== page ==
The objective function (1) is to maximize the weighted sum of the average preference and the budget execution rate, where , , is a parameter controlling the degree of importance between these two terms. The actual expense of material apportioned by department () is given in constraints (2), where all the cost of materials will be apportioned according to the proportion of the preference (). Constraints (3) confine that the expense of any department do not exceed its budget (). To ease the amount computation of the acquired materials, we introduce an auxiliary variable , which is 1 (0) if (otherwise), to show whether material is acquired or not. Using a sufficiently large positive number , constraints (4) and (5) are deliberately designed to obtain the proper value of . If , constraint (4) becomes irrelevant, where may be either 0 or 1, but constraints (5) pledge , which indicates that material is not acquired. On the contrary (), constraints (5) would be redundant, yet constraint (4) promises , which means that material is acquired. If the material is acquired (); then constraints (6) and (7) will force the number of acquired materials in each language to be larger than or equal to the lower bounds and not to exceed the upper bounds. If material is not acquired (), constraints (6) and (7) will assure the number of acquired materials in each language included no material . Constraints (11) and (12) are similarly defined to abide by the lower bound and upper bound specified on the number of materials in each category .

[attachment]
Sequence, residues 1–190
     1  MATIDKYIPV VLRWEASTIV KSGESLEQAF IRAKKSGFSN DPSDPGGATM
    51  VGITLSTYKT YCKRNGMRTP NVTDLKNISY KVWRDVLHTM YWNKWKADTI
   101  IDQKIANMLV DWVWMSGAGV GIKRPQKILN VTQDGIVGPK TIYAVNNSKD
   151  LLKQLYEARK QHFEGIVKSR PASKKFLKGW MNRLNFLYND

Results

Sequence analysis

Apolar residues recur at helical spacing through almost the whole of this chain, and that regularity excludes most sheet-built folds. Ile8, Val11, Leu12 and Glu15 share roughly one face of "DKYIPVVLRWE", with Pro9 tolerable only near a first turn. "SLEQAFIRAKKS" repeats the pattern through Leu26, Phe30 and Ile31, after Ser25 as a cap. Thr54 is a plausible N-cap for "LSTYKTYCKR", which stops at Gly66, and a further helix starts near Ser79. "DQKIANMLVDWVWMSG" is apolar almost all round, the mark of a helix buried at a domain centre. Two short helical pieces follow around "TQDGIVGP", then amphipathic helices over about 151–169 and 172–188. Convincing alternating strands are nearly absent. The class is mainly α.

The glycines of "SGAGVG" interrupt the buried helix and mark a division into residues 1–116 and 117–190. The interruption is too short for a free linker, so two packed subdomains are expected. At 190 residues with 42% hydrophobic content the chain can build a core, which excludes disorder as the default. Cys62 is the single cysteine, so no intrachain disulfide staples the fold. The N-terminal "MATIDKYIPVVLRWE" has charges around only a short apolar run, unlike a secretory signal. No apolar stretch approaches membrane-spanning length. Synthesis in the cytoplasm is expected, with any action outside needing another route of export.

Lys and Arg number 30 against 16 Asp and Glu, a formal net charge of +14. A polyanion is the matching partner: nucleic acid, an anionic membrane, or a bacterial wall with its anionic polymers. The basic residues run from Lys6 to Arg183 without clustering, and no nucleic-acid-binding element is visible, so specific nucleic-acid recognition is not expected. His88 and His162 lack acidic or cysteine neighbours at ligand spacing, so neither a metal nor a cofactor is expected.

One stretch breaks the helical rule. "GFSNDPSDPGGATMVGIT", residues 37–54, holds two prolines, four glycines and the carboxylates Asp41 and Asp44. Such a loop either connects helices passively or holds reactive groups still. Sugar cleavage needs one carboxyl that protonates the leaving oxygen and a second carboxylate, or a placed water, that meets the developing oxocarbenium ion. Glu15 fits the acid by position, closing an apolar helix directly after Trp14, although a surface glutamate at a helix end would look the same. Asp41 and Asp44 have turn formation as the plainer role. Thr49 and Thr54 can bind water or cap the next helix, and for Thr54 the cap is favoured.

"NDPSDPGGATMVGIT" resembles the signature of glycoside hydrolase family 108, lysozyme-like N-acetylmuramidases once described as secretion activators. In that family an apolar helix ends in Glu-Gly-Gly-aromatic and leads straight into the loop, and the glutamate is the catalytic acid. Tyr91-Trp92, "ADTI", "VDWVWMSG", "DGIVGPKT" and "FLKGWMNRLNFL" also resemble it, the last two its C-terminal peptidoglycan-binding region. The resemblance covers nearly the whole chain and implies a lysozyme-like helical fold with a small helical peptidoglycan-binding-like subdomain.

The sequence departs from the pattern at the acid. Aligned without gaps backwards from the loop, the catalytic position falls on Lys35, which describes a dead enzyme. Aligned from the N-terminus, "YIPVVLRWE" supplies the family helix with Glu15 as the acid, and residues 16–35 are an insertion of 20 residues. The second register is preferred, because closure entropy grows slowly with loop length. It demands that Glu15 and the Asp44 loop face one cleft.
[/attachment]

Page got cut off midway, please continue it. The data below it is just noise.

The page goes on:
2.3. Greedy Algorithm

A greedy solution method, denoted by Algorithm Greedy as shown in the Algorithm 1, is designed to be the comparison counterpart for other approaches. First, to decide if each material will be acquired or not, all the materials are sorted in nonincreasing order of the ratio . We thus assume the materials are reindexed in accordance with this sequencing rule. The first material, the one that attains the maximum ratio, will be considered if the following two conditions are satisfied: the upper bound on the number of languages is not exceeded, and the upper bound on the number of categories is not exceeded. Next, to determine which departments will apportion the cost of material , all departments are sorted in nonincreasing order of , and let () be the sorted list. Material will be acquired by department (), if the budget of this department is not exceeded.

alg1
Algorithm 1: Greedy solution method.

3. Related Works of PSO